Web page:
Frank Hannigan on the Stimpmeter and Slope
Former USGA Executive Director Frank Hannigan read today's website quote and filed this letter to help pass the time during the PGA opening round.
This is to extol the statement by former Curtis Cup player Alice Dye, whose husband Pete never made anything, that the Stimpmeter and Slope have been bad for golf.
I now explain how both happened as illustrations of how dangerous new ideas are to a 500 year old game. (See, more recently, the new groove rule by the USGA which is nothing but trouble.)
A Boston engineer and member of The Country Club, a Dr. Stimpson, inventor of the accused device, was not interested in green speed. He wanted a tool that would roll the ball perfectly. As I recall, his interest was in angle and the effect of hole locations.
The tool he produced was made of wood, lovingly crafted. It was gifted to the USGA where it fell under the eye of Al Radko, the USGA chief agronomist. Al, a lovely man who helped create the White House putting green, was smitten by the idea that golf course superintendents could use a precise method of determining if their greens were running the same speed.
He showed it to Frank Thomas, the USGA technical director, who quickly figured out a way to convert the wooden tool into a cheap metal object which they promptly named the Stimpmeter.
Radko sent copies to all the USGA agronomists scattered around the country. They showed superintendents how it might help them and, in the process, also measured the extent of roll. Pity.
They discovered that the average speed on American golf courses was slightly under seven. Mind, nobody at the time was saying that American golf was lousy because greens were too slow. What happened was that the thing became a speedometer with the likes of Oakmont putting up daily notices to the effect that their greens were running l0'6 that day, to which I say, so what.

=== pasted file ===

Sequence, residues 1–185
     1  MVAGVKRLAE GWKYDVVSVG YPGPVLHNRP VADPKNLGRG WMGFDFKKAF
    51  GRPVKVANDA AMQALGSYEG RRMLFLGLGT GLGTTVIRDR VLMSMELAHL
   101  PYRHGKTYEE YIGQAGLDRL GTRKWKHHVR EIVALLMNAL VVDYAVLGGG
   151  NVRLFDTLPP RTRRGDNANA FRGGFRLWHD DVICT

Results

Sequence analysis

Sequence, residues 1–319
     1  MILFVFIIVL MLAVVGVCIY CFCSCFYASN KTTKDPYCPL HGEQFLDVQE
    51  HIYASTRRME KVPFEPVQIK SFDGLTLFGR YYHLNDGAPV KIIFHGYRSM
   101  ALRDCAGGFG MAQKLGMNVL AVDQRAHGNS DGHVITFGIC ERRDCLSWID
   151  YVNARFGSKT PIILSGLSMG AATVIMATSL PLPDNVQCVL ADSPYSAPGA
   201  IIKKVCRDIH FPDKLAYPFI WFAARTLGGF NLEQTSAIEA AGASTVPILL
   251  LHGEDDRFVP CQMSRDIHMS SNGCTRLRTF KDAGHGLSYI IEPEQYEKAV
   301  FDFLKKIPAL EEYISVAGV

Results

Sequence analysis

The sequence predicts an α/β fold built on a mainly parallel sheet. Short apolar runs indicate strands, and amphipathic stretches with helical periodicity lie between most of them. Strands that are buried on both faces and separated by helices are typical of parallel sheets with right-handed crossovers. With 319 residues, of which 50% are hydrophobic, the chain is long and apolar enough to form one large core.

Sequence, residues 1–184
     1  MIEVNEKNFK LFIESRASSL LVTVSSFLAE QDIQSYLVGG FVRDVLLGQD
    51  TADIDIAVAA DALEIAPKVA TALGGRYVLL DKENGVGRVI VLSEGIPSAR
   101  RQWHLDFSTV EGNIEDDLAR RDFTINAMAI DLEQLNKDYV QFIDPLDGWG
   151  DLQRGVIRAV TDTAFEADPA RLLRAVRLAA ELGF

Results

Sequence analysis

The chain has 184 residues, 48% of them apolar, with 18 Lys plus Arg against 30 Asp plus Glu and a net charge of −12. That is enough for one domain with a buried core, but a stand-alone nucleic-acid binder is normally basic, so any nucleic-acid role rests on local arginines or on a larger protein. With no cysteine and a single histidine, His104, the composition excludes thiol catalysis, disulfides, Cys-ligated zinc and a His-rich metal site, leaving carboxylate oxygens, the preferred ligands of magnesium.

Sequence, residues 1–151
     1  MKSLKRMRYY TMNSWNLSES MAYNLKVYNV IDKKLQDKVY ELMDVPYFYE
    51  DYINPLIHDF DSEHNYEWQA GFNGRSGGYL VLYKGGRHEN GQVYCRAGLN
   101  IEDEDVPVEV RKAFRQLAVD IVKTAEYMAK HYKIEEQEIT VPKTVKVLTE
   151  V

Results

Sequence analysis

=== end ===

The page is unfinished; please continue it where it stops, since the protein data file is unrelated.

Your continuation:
The ensuing race, as Mrs. Dye noted, has become a primary status symbol. Much worse, it has made golf so much more costly because it costs a ton of money to produce greens with a Stimp speed of 11. And this: the faster the greens the slower the game.
The R&A knew better. We sent one of the things to secretary Michael Bonallack who tossed it in his closet and never looked at it again. Tell me now: are British Open greens, said to be 10 but actually 8ish, somehow superior to the Augusta greens in the sense of producing more interesting, more variable, more valid golf? Of course not.
Slope was the creation of one of my USGA employees, the estimable Dean Knuth, who dumped a little 800 on his math SATs and went on to pitch with his left arm for the US Naval Academy baseball team.
There is no denying the certainty of Dean's work. It is that the USGA handicap system faltered when the opponents came from courses of intrinsically different degrees of difficulty. Thus, a 9 handicapper from a ratty public course like Juniata outside Philadelphia, would get killed by a 9 handicapper from Pine Valley.
Dean Knuth changed all that mathematically with his Slope so that the guy from the muni would get four shots or so from the Pine Valley patrician. Very nice, but it again has led to a duel to achieve high slopes which means new bunkers and water hazards and more money to build and maintain. Moreover, I contend that golfers on their own figured out that the guy from Juniata needed help when he slammed up against the rich person from Pine Valley.
Dean Knuth may have been too smart for the USGA. Today he is in San Diego where he has an enormous responsibility determining how much of your money is spent on things that blow people up.
P.S. Don't tell Jim Gray where I live. I am too old to defend myself but I have a dog.